The Week of the Young Child™ (WOYC) is an annual celebration sponsored by the National Association for the Education of Young Children (NAEYC). The purpose of the Week of the Young Child™ is to focus public attention on the needs of young children and their families and to recognize the early childhood programs and services that meet those needs. Visit the NAEYC WOYC website to learn more.
Week of the Young Child™ is observed next on Monday, April 12th, 2021.
Things you can do on Kick-off Saturday
- Post a video, blog or social media post sharing why you celebrate Week of the Young Child and what you do to prepare
- Plan a virtual event with your social media community
- Share your local proclamation
- Take some time for yourself, reorganize and re-energize so that you’re ready for the week ahead
- Create a dancing playlist for Music Monday
- Search your kitchen for ingredients for your Tasty Tuesday activity
- For Work Together Wednesday, work with other educators in your program to draft a group letter to your elected officials, emphasizing the need to #InvestinECE
- Gather your arts and crafts for Artsy Thursday
- Draft an email to parents explaining what they should expect during #WOYC and how they can prepare for your Family Friday activities.
When children sing, dance, and listen to music, they develop their language and early literacy skills while being an active and encouraging movement. Make up and record your own unique version of a song or write your own, and share it on Facebook, Twitter, and Instagram using the #WOYC hashtag.
Visit our resources page for inspiration.
This fun, food-themed day is about more than just cheese and crackers. Cooking together connects math with literacy skills, science, and more. With the rise in childhood obesity, you can encourage healthy nutrition and fitness habits at home and in the classroom. Create your own healthy snacks and share the recipes and photos of your creations on Facebook, Twitter, and Instagram using the #woyc hashtag.
Visit our resources page for more ideas on healthy food creations and activities!
When children build together they explore math and science concepts and develop their social and early literacy skills. Children can use any building material—from a fort of branches on the playground to a block city in the classroom, or a hideaway made from couch pillows at home. Build and share pictures of children’s creations on Facebook, Twitter, and Instagram using the #woyc hashtag.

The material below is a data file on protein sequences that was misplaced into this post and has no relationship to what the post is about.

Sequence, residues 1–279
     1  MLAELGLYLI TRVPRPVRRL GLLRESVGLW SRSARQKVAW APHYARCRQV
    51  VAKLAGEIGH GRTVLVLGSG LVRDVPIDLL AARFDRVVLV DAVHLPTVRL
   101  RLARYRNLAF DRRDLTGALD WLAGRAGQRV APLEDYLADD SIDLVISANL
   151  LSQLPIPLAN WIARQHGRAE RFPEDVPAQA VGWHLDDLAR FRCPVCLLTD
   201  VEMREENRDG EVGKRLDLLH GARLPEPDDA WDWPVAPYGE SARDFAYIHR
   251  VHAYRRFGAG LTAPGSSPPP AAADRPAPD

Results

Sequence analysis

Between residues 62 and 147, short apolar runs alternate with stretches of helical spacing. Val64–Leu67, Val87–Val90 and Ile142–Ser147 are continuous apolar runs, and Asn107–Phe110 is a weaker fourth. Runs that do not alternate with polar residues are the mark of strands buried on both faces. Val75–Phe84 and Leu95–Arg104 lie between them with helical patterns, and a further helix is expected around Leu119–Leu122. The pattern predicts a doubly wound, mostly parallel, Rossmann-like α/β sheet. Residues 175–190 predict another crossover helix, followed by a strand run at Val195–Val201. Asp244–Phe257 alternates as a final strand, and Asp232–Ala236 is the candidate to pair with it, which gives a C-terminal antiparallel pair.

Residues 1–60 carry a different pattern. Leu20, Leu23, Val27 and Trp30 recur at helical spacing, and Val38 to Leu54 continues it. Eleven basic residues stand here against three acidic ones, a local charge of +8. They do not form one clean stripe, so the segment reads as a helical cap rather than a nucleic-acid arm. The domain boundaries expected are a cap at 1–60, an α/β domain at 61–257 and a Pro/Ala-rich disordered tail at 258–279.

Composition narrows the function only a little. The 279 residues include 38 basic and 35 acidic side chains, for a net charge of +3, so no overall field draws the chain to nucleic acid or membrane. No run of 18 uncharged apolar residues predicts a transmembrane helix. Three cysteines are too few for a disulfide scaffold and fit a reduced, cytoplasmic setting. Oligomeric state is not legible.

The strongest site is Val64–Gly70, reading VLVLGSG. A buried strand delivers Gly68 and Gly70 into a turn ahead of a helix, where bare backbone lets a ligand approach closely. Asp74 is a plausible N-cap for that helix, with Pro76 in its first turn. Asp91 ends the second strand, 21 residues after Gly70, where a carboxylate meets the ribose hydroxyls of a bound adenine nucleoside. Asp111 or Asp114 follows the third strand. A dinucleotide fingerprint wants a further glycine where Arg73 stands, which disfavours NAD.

Visit our resources page to learn more about how teamwork develops young children’s social and early literacy skills.
Think, problem solve, create! Children develop creativity, social skills, and fine motor skills with open-ended art projects where they can make choices, use their imaginations, and create with their hands. On Artsy Thursday celebrate the joy and learning children experience when engaged in creative art-making. Use any materials—from crayons to paint, clay to crafts! Create and share photos of your children’s creations on Facebook, Twitter, and Instagram using the #woyc hashtag.
Visit our resources page for articles on encouraging imagination and creativity in children.
Engaging and celebrating families is at the heart of supporting our youngest learners. NAEYC applauds family members’ role as young children’s first and most important teachers. Share pictures and stories about your family on Facebook, Twitter, and Instagram using the #woyc hashtag.
Visit our resources page celebrations for more ideas on celebrating young children and their families.
By participating in this event and posting video and/or photos, you are representing that you have written permission from each person in the video and/or photos, and if a child, written permission from the child’s parent or legal guardian, to post the video and/or photos and use the likeness of such person therein. By posting the video and/or photos, you grant NAEYC the right to use the video and/or photo and/or any portion thereof in any manner it so chooses, including, without limitation, posting or sharing the video on NAEYC’s website, Facebook page or Twitter account.